At the end of every day I lay out all of my projects on a big long white table and I turn them face down. Then when I come back the next morning, I'll turn them all over one by one and I can see instantly what it is I need to do to it; whether it's finished or whether I want to start again.

You have a very distinct look and feel. How would describe your style in terms of your art?

It's always hard to describe your own style. I do a lot of signature characters. If I'm doing a quick Monday sketch or quick Friday sketch I will often draw those characters that are just second nature to me to draw. But with other projects I might draw the actual person.

How do you develop your style?

I began drawing in mainly black and white, using a Japanese brush. Then I collaborated with Mont Blanc a few years ago on a project for UNICEF and in the midst of that project they made me a bespoke pen. I still use that pen, which I call Monty, even though the collaboration with Mont Blanc has long finished.


Yes, Mont Blanc have a place in New York where you go into this room — it's like NASA — and you sit there wired up to this electronic board and you draw for about 40 minutes. Bust basically it measures how you hold the pen, the ink, the weight, everything, and then that information is fed into a computer that goes to Germany, and in three months time they have crafted a pen just for you. It's nerdy but I use it for everything and in my line work, my style is somehow connected to the pen that I use.

What would you do if you ever lost it?

Ooh! Actually I didn't bring it on this trip, because I'm going to so many countries that the thought of loosing it is terrifying. I could never ask for another one, it's too expensive to do it again. I actually keep him in a safe at home when I'm not there, but otherwise he just sits on my studio desk. I try not to move him from the studio and just use him for my daily projects.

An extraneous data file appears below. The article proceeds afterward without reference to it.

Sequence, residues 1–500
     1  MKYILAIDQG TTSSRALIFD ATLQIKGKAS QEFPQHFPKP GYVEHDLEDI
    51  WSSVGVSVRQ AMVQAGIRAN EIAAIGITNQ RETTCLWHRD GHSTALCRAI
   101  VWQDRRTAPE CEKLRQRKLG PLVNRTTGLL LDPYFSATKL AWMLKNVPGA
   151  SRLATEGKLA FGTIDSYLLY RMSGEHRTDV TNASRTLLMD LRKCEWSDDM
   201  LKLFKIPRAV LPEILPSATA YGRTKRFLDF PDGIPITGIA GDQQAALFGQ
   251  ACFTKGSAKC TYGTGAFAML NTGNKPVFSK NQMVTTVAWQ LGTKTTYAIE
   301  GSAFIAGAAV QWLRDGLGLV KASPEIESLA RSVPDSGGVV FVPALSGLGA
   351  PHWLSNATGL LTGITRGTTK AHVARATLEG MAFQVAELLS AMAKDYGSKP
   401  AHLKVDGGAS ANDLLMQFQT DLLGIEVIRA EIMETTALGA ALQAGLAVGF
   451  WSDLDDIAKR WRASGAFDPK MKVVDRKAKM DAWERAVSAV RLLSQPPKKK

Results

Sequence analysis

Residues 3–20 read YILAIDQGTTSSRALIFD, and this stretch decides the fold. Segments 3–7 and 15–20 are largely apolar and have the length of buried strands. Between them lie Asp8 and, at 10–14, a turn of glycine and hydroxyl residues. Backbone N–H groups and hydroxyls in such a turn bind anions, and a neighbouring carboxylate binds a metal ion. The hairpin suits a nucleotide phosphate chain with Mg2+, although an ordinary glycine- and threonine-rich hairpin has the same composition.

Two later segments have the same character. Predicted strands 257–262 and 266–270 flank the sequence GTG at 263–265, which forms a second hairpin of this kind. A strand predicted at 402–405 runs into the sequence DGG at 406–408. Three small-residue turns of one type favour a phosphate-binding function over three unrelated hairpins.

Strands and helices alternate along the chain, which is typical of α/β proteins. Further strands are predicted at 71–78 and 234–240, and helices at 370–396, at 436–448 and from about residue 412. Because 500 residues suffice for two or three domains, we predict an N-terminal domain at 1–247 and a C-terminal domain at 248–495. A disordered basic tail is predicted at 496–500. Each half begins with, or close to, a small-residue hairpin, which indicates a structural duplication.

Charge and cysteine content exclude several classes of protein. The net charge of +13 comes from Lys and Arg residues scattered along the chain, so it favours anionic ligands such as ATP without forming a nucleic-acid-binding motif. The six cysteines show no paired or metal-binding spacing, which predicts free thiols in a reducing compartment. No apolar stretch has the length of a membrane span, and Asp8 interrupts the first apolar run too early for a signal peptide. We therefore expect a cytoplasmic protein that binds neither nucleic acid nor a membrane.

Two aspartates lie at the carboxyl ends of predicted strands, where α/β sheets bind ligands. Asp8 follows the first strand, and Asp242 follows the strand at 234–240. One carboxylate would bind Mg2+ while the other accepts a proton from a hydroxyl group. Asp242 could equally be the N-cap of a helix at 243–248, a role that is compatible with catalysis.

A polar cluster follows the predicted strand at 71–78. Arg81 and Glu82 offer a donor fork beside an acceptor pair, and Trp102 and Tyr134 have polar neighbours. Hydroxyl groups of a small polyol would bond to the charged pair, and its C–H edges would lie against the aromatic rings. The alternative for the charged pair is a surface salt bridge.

Speaking of projects, your new book is out!

Yes, it's basically an illustrated autobiography of Coco Chanel's life. There are lots of autobiographies about Coco Chanel, but I wanted to do an illustrated journey. I have always loved the clothing and the branding, but the book is more about her as a woman. She's always been inspiring to me. Her story starts from when she went from a little girl, in particular from when her mother was dying and her father drove her to an orphanage and left her there. I've always been intrigued and fascinated by how someone starts with nothing, and in a tough situation went through life to become a wealthy iconic fashion designer. The things she did in her time, which today don't seem like such a big deal, but she got rid of corsets, when they only wore black to funerals and she made a black dress to wear during the day, cut her hair short and had such convictions. She never did quite get to see the impact she had but if she could see her atelier in Paris today...

Megan Hess Book

How long did the book take you?

It took me about a year from when I signed the book deal to when it was completely finished.  I had this image that I would be doing this book in a country house with big bay windows and coffee brewing. The reality was I still have my commercial work with fashion clients that I love doing during the day and at night and on weekends I would give myself certain blocks of two days to do 20 pages.

Take a look inside the book...

Megan Hess Book

Megan Hess Book

Megan Hess Book

Megan Hess Book

Megan Hess Book

Coco Chanel: The Illustrated World of a Fashion Icon by Megan Hess is available at Magrudy's and Kinokuniya, Dhs108.